Although dislocated, wrinkled LASIK flaps are increasingly rare with the advent of femtosecond lasers, they are still one of the most common LASIK urgencies you’ll encounter. Aggressive DLK or infection may be more devastating complications, but are so rare nowadays that we have difficulty even calculating their incidence. Most LASIK centers only treat a handful of flap complications a year, but prompt intervention can be essential in ensuring long-term quality vision.
Striae presentation can be subtle. Visual acuity is usually the most important metric when judging their severity and assessing the need for surgical revision. If visual acuity is good, the distinction between macro- (folds of the entire flap) and microstriae (usually just wrinkles in the epithelium) must be made. The more common microstriae may happen if the flap curvature does not perfectly match that of the ablated stromal bed. They are usually not visible as negative staining with fluorescein, and will not show a displaced gutter at the flap edge.
Microstriae tend to resolve over several months with little effect on vision. By contrast, macrostriae— usually the result of inadvertent eye rubbing or digital contact shortly after LASIK—will often fluoresce, show an enlarged gutter, and typically are more visually significant.
Ironing Out the Kinks
Consult the surgeon if macrostriae are present, regardless of acuity status, as the location of striae, size of edge gutter and presence of epithelial ingrowth all also factor in the decision. If the striae are peripheral or acuity is very good, you may elect to monitor over time. Striae can resolve over months to years, or may remain visually insignificant for the rest of the patient’s life.
If the comanagement team decides that surgical intervention is necessary, it is usually based on symptoms or risk of progression.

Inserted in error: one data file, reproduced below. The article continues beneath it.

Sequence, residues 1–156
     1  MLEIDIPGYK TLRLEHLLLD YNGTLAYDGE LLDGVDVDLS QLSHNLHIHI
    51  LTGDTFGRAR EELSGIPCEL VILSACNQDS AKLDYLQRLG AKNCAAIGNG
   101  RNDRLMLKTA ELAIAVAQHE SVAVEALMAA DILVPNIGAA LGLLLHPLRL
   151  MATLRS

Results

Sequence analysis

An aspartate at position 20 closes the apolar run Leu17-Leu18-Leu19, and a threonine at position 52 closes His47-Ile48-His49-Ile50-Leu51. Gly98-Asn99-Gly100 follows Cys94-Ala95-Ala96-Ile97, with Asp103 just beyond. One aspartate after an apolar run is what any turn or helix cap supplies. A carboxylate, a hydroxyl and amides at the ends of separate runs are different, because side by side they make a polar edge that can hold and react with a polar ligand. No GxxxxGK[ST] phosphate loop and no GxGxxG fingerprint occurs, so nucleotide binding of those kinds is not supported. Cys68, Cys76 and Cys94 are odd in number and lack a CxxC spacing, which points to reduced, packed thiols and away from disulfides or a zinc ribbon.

Surgical revision is not without risk; patients must be counseled about the potential for infection, epithelial ingrowth, flap inflammation and reduced visual acuity. If vision is affected by the striae, the risk of surgical intervention is usually easily accepted, given the potential long-term benefits of enhanced vision. Although flaps can be lifted and repositioned several months after the initial surgery, earlier intervention is usually better.
In the accompanying video, the patient was 20/15- UCVA for several weeks, but the team opted for surgical revision due to persistent complaints of poor night vision.
Surgical correction includes lifting and smoothing of the flap. After numbing the cornea with anesthetic, the surgeon will access the flap at the edge near the hinge. A special cannula is used to lift the corner, then separate the flap from the stromal bed, which is then rinsed and polished to remove cells and debris. The posterior surface of the flap is also cleaned, polished and smoothed with a surgical sponge.Finally, the flap is repositioned, with considerable attention paid to smoothing it with an outward sweeping motion from the center. Post-op meds are then begun in the same fashion as the initial surgery.
If you see these patients on the same day as the revision, you will notice mild residual flap wrinkles; these often resolve in a day. Due to the manual manipulation of the flap and stromal interface, it may take several days for acuity to return to acceptable levels, although most patients will report greatly improved vision the very next day. The comanaging OD should stress the importance of eye protection for the next week, especially during sleep (shields are recommended). Over the first several postoperative months, be aware of the increased risk of epithelial ingrowth.
Prompt diagnosis and surgical consultation, followed by patient reassurance, are the keys to successfully managing this infrequent but troubling LASIK complication. Although flap macrostriae can be permanently visually devastating, surgical revision is straightforward and highly successful.